Common Name: Horseshoe Shrimp
Scientific Name: Hutchinsoniella macracantha

Kingdom: Animalia
Phylum: Arthropoda
Class: Crustacea
Order: Maxillopoda
Family: Hutchinsoniella
Genus: Hutchinsoniella
Species: H. macracantha

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External morphological features of Cephalocarida have long been interpreted as plesiomorphic with regard to those of other crustaceans. Based on transmission electron microscopy and light microscopy, however, the brain in the cephalocarid Hutchinsoniella macracantha has been shown to contain a number of structures that are more difficult to interpret in an evolutionary context. These include the multi-lobed complex, a unique cluster of neuropils associated with the olfactory lobes. To establish a well-founded comparison of phylogenetically relevant, neuroanatomical data from Cephalocarida to other arthropods, we investigated the brain in H. macracantha using immunolabeling (acetylated α-tubulin, serotonin, RFamide, histamine) and nuclear counter stains of whole mounts and vibratome sections analyzing specimens with confocal laser scanning microscopy and computer-aided 3D-reconstruction. Other 3D-reconstructions were based on serial 1 μm semi-thin sections. The multi-lobed complex features a pedunculus and shows detailed homologies with the mushroom bodies of certain Insecta and Lithobiomorpha (Chilopoda), suggesting that the hemiellipsoid bodies in Remipedia and Malacostraca have derived from a cephalocarid-like pattern. Like the corresponding tracts in Insecta, the olfactory globular tracts linking the multi-lobed complex to the olfactory lobes are ipsilateral, probably constituting the plesiomorphic pattern from which the decussating tracts in Remipedia and Malacostraca have evolved. The olfactory lobes in H. macracantha are uniquely organized into vertical stacks of olfactory glomeruli whose exact shape could not be identified. Similarly to Malacostraca and Insecta, the olfactory glomeruli in H. macracantha are innervated by serotonin-like, RFamide-like, and histamine-like immunoreactive interneurons. This suggests homology of the olfactory lobes across Tetraconata, despite the different morphological organization. Although H. macracantha lacks elongated, unpaired midline neuropils known from the protocerebrum of other Arthropoda, the possible rudiment of a central-body-like neuropil that receives decussating fibers from anterior somata was revealed by the serotonin-like immunoreactive pattern.

The central nervous system of the cephalocarid Hutchinsoniella macracantha is well developed, although missing several structures which are characteristic of the general crustacean plan. There are no signs of eyes either in the adult or in the larva. The organ of Bellonci, central body, protocerebral bridge, and paracentral lobes are absent. The mushroom bodies occur in the central nervous system in a form different from that found in malacostracan crustaceans and are unexpectedly well developed. They are connected to the olfactory lobes, which in this species are displaced ventrally into the clypeus (anterior part of the so-called labrum), extremely large, and of hitherto unseen construction. The central nervous system of Hutchinsoniella does not conform to a paradigm of overall primitiveness and must have evolved separately in the cephalocarid line for a long period.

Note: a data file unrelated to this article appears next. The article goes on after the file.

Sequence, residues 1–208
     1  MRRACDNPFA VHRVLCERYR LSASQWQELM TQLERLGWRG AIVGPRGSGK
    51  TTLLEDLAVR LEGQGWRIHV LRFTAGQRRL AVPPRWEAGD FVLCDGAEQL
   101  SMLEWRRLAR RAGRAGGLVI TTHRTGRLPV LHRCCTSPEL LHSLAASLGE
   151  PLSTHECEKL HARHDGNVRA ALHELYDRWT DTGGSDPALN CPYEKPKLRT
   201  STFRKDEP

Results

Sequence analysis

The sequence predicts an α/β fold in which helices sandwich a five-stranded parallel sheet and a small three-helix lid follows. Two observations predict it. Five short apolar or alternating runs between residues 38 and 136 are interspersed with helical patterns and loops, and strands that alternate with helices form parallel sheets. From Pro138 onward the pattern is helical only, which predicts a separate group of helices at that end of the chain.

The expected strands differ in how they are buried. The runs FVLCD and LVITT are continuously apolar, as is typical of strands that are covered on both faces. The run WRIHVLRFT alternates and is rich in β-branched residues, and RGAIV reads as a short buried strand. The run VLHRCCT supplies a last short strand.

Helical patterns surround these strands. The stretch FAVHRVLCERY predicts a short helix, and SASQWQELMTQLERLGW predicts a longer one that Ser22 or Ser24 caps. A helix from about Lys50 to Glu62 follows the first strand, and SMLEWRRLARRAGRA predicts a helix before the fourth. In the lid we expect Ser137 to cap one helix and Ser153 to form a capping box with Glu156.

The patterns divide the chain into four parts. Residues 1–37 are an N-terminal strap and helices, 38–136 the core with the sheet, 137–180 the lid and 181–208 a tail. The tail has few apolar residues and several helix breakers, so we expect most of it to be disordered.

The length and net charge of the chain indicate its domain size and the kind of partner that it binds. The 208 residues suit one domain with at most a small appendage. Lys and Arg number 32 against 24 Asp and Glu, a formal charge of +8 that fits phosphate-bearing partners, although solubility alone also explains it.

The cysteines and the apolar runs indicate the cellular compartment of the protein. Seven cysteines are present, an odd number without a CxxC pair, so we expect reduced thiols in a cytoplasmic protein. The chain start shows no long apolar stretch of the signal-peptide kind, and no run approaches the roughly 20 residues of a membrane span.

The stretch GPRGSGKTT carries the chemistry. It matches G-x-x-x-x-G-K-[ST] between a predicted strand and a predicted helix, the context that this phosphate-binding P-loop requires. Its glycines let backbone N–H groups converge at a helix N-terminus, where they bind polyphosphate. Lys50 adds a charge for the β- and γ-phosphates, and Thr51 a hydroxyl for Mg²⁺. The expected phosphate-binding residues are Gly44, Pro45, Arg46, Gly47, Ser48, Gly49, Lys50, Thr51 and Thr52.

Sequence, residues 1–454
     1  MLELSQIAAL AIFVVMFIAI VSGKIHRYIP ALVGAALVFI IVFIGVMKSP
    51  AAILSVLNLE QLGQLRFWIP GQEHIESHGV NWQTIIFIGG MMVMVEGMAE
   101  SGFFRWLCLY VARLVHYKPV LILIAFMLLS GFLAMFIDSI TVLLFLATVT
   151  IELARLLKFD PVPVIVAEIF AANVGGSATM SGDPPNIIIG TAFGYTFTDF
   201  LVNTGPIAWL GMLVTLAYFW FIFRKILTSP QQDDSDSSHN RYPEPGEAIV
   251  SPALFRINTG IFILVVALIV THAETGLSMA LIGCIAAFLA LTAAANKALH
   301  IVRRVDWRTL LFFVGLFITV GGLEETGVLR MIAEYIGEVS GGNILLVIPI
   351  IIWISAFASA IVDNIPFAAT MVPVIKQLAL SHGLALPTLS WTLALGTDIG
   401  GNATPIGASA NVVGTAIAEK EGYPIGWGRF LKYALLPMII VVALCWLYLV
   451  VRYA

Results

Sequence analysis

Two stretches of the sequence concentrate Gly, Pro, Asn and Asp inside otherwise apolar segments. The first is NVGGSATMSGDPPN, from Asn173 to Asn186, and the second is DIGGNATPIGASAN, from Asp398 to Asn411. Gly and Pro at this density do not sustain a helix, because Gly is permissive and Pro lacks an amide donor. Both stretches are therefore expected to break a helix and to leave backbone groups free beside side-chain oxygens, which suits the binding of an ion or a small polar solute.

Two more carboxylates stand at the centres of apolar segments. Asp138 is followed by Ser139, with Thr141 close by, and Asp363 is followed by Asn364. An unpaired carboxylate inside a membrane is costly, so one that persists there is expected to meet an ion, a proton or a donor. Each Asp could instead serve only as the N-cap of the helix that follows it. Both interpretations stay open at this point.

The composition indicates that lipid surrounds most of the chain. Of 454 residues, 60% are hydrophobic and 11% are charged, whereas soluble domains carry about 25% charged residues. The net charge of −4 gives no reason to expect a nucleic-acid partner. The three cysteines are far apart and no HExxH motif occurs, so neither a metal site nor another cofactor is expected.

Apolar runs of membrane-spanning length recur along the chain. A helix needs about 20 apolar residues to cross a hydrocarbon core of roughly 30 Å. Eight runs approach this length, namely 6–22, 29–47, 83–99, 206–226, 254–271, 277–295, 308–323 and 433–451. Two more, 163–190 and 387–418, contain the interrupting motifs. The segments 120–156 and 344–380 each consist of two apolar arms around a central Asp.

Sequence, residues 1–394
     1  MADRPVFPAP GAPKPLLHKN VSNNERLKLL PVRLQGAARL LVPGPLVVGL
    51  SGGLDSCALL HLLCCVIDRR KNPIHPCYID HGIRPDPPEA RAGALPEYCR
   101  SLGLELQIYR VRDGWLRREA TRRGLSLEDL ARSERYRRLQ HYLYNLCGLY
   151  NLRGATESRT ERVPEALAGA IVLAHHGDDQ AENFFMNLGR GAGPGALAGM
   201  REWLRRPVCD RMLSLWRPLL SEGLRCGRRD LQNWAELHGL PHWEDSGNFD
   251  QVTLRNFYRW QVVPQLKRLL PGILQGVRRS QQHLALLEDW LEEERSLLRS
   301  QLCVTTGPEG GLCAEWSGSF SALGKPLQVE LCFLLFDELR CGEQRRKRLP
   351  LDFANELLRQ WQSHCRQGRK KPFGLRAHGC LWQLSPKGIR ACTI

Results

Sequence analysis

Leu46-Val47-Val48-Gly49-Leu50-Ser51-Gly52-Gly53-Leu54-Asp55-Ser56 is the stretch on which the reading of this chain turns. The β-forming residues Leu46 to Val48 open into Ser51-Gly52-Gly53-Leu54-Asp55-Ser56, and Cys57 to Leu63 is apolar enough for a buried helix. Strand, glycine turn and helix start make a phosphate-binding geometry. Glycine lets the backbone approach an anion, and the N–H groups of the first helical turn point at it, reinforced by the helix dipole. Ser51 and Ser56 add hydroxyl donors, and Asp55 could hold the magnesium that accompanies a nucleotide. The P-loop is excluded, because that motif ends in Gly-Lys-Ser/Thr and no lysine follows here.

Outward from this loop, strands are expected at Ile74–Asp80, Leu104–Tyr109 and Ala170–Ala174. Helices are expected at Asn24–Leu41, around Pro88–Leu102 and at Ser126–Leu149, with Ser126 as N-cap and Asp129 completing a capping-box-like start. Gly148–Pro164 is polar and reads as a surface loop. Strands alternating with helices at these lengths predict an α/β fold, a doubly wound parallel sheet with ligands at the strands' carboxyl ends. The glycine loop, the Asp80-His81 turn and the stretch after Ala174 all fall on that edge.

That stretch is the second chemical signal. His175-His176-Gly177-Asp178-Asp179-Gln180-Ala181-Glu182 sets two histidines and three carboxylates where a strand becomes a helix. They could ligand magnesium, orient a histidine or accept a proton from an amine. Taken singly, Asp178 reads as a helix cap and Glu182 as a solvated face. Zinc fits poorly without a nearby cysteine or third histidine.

Hutchinsoniella Macracantha is a member of the sub phylum crustaceans group, but is also in the subclass of Cephalocarida. Cephalocarida is made up of about 12 benthic shrimp like species, one of which is the Huchtinsoniella Macracantha. Hutchinsoniella Macracantha was discovered in 1955, off Long island, in muddy sand by Howard L Sanders.  This is one of the latest subclasses to be added as it was found that none of these creatures actually fitted into any of the other crustacean subgroups.  They are similar to three other subgroups, branchiopoda, malacostraca, and copepods. However they are ruled out from joining them by certain factors. They are ruled of joining the branchiopoda group due to them having the wrong type of thoracic appendages. The number of body segments that it has rules it out from being in the malacostraca and the copepods group.  They haven't got any known significance to humans apart from for intellectual reasons.

Author: Nick G.
Published: 04/13

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Photo Credit: http://linnaeus.zoology.gla.ac.uk/~rpage/wiki/index.php/Hutchinsoniella_macracantha